Mentoring is a rewarding experience that can benefit both the mentor and the mentee. By following these best practices, you can make the most of your mentoring relationship and help your mentee to achieve their goals.
Tips for Being an Exceptional Mentor
Mentoring often evolves into a long-term relationship, but it takes time to build trust and rapport. It’s a commitment, so before you agree to this partnership, ensure you’re willing to invest the time and energy it deserves. Set clear expectations at the beginning of your relationship, including meeting frequency, topics you’ll discuss, and goals you hope to achieve.
One of the most important things you can do as a mentor is to listen to your mentee — and be open to their feedback and suggestions. Be willing to learn because as much as you’re teaching your mentee, you’re also learning from them. Invite their ideas and perspectives — they just might change your own thinking!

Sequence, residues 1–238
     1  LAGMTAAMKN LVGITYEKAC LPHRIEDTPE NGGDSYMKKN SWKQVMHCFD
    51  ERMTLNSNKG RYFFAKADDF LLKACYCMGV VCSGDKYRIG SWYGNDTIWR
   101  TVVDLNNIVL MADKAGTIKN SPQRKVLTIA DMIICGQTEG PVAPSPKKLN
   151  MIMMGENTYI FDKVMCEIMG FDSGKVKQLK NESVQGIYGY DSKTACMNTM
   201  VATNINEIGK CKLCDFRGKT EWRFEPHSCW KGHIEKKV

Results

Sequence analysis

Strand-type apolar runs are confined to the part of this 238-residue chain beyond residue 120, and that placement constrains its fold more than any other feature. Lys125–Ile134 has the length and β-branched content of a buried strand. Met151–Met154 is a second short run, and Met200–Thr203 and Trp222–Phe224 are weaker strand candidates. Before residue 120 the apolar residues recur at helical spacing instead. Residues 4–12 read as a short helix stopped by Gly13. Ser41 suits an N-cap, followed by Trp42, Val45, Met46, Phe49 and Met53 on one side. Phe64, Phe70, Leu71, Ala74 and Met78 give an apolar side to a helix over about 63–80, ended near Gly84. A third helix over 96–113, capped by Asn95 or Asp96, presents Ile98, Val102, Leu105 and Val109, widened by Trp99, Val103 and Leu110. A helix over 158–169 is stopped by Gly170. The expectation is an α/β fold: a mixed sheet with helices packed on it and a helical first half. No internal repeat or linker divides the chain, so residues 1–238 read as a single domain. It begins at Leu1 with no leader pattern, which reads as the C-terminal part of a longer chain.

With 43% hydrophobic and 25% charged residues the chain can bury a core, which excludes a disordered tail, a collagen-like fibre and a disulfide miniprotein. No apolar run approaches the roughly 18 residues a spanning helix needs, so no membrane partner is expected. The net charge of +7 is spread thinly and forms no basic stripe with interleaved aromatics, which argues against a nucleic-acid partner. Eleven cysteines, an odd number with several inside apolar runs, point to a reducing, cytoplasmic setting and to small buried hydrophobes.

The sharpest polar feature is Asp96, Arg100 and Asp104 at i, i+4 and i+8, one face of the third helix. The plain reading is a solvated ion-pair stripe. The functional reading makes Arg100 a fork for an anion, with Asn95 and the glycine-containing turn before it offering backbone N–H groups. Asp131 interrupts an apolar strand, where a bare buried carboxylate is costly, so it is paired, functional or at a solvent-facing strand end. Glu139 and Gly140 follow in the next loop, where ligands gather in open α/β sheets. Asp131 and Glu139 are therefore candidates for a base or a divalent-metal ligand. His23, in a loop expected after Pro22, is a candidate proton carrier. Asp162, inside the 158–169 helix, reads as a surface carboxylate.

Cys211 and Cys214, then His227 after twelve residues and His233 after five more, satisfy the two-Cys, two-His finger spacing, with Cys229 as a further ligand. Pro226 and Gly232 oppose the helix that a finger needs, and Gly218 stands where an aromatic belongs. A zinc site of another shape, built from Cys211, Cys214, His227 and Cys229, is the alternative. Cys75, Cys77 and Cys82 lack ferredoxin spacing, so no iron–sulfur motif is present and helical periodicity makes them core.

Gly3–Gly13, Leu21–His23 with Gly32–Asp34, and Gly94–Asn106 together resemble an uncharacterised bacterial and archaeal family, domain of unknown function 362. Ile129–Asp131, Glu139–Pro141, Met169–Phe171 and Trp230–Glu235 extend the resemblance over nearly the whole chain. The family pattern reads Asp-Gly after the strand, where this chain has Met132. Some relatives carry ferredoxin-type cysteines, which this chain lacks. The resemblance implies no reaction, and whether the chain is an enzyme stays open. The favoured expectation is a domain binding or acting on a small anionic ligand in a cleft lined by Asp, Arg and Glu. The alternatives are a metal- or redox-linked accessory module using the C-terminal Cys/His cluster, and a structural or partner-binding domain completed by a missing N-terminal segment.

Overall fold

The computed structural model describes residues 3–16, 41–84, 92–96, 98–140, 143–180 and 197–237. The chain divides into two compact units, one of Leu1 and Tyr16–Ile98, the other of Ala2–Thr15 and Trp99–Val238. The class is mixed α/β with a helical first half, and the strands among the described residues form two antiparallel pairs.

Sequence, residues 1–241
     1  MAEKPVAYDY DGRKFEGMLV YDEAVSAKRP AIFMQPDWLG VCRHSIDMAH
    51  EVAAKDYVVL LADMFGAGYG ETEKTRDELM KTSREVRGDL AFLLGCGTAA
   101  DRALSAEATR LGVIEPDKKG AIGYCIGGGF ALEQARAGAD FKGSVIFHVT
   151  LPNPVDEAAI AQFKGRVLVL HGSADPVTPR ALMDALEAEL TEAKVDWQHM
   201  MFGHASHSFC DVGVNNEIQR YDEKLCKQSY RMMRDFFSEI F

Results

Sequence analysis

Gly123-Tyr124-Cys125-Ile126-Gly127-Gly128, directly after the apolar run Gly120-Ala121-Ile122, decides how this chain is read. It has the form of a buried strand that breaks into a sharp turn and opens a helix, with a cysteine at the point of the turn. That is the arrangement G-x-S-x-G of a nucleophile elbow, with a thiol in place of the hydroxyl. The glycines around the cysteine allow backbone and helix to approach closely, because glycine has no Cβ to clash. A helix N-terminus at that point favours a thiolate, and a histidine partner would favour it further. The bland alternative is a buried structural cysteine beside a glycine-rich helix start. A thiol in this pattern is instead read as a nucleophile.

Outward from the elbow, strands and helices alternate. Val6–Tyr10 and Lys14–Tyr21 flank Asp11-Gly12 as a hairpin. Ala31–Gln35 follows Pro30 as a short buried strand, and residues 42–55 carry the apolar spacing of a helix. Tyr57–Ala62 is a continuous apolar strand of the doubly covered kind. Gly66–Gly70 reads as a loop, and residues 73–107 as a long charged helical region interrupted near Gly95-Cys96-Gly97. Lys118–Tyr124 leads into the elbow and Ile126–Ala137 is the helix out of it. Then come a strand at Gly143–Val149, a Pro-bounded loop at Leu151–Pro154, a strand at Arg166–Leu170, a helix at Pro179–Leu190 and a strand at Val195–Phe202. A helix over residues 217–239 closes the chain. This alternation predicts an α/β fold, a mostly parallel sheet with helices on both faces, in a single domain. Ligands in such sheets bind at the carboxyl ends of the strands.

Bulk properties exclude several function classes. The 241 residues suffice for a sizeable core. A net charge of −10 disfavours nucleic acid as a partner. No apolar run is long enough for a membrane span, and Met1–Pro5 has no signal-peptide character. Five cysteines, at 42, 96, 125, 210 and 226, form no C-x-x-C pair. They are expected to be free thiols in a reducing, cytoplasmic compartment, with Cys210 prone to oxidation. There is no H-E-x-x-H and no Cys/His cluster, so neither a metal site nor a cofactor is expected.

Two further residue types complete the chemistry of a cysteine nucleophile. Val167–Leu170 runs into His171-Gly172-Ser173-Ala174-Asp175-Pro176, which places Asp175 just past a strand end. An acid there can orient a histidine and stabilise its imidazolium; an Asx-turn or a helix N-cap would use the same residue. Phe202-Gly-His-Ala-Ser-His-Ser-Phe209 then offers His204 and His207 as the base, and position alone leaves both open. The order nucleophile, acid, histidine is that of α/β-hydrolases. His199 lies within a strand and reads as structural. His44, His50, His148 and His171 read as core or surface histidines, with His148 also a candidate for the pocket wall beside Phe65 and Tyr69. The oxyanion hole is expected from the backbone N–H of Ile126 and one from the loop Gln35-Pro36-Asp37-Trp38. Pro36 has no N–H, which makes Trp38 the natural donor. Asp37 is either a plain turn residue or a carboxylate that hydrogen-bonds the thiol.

Also important? Honesty. Sugarcoating things is rarely the best approach. Instead, be constructive and helpful. Your mentee will likely face challenges throughout their career — you probably have, too — so offer support and encouragement, but don’t varnish the truth. Stay positive and encouraging, helping your mentee to focus on their strengths and to believe in themselves.
Be flexible with your mentee’s needs because they may require different things at different times, and that’s okay. Maintain confidentiality, avoiding the temptation to share your mentee’s information with others before you get permission.
Tips for Being an Exceptional Mentee
To start, if you want a mentor, be proactive. Take the initiative rather than sitting around waiting to be “discovered.” You’ll wait a long time. Reach out to people whom you admire and trust. Introduce yourself and explain what you’re looking for — and then schedule an introductory meeting or two.